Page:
Then come photos of Steve in uniform, both Army-issue and in the Captain America suit, posing with and without the old triangular shield. The vibranium shield went down with him. But now that Tony's seen the full timeline of photos, he knows it's the same man; he won't be able to see a picture of Captain America and not see Steve's eyes, Steve's face under the cowl.
The rest of the file is all about Captain America's actual missions, with Bucky and with the Invaders; Tony, giant Cap fanboy that he is, was already familiar with most of them. But there are more photos clipped to the pages, candid shots. Steve with the cowl pulled back, laughing with Bucky. Steve and the Invaders in civilian gear, or as close as most of them got to it. Steve reading. Steve sketching in a notebook, a figure study, as the Human Torch and Toro pose back-to-back. Steve shaking hands with a square-jawed man who wears a sergeant's stripes on his sleeve. None of the Captain America books or exhibits can show this, because this is Steve Rogers, the man whose identity is still secret even decades later. This is who Steve was.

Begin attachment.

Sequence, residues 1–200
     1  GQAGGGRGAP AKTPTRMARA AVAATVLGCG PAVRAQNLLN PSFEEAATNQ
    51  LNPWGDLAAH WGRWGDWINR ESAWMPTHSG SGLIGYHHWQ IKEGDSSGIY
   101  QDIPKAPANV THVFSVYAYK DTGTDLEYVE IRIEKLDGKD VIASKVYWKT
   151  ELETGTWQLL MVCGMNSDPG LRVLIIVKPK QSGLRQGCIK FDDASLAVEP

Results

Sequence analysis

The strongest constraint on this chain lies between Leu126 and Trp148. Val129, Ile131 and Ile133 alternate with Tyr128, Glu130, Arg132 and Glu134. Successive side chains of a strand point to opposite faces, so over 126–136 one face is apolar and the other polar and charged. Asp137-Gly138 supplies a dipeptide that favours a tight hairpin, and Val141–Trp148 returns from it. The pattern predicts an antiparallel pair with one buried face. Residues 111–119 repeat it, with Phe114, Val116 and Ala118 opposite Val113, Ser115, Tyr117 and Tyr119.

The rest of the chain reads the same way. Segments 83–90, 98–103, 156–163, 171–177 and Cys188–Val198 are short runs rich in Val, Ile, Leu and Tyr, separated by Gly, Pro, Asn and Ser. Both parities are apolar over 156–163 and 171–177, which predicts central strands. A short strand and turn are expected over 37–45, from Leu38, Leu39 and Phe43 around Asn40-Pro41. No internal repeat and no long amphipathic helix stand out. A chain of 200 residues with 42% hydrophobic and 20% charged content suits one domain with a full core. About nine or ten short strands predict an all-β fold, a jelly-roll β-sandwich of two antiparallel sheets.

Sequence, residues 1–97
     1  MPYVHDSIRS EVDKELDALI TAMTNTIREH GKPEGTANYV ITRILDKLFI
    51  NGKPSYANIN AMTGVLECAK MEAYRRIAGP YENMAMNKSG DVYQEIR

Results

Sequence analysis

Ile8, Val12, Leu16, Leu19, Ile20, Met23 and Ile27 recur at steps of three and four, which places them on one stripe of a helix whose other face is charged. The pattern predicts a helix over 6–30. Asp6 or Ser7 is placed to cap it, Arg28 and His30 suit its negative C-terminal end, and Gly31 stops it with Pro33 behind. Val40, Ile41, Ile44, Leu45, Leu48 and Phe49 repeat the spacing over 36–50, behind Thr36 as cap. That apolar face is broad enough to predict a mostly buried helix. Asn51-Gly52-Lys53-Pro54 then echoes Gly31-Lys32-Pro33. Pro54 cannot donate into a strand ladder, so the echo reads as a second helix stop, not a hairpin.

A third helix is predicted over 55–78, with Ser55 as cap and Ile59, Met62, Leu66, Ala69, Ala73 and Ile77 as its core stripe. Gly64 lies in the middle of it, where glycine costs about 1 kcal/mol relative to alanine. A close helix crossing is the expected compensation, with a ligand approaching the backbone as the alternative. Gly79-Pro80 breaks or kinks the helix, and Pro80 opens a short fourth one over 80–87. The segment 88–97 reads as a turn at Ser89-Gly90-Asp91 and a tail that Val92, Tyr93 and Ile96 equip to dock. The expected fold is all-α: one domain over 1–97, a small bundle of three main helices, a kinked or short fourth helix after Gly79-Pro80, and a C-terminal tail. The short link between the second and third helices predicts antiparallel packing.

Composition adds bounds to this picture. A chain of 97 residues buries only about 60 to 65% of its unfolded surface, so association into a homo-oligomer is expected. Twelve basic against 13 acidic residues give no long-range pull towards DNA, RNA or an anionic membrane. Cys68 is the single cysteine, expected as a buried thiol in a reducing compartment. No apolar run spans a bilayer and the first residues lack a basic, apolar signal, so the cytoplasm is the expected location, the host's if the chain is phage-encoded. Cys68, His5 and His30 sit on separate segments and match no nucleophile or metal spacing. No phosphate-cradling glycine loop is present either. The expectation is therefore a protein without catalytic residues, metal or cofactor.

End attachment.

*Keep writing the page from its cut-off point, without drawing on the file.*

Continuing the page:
Tony tries to picture himself there. He can't really do it.
The last shot is Steve shirtless again, uniform shirt in his lap. It looks like he's sewing, repairing the uniform. And the angle is just right; he can see Steve's bare wrist as he holds the needle high. And Tony knows, he knows it says his name. He can see it, right there. God.
He fumbles in the box and comes up with one of the film canisters at random; after a few tries he has the film loaded and threaded through. Tony flips the switch and the projector wheezes to life, bright and flickery.
It's black and white, but there's crackling sound. Steve, before the serum, sits on an exam table. He's not in uniform, and even though Tony knows Steve was always tall he's a little hunched over. He's so alive, in motion, his eyes darting around the room, and for an instant Tony imagines Steve can see him.
"There is the matter of your wrist," a man says, off-screen, and Tony realizes he must have grabbed the middle of some interview even as his stomach starts sinking, because that's his name on Steve's wrist and they're going to say there's something wrong with it. There's something wrong with Tony. There's always something wrong with Tony.
"What about it?" Steve asks, and Tony wants to laugh, because somehow he never pictured Captain America as having the most stereotypical old-time New York accent. Whuddaboudit. It's kind of adorable.
Steve rubs at the name on his wrist, just like Tony does.
"Well," the man says. "Surely you are aware that 'Stark' is a surname of German origin? And that 'Tony,' perhaps, is a shortened form of the Italian name 'Antonio?'"
Tony waits for Steve to nod, to say that's all right, it's not like I care about him anyway.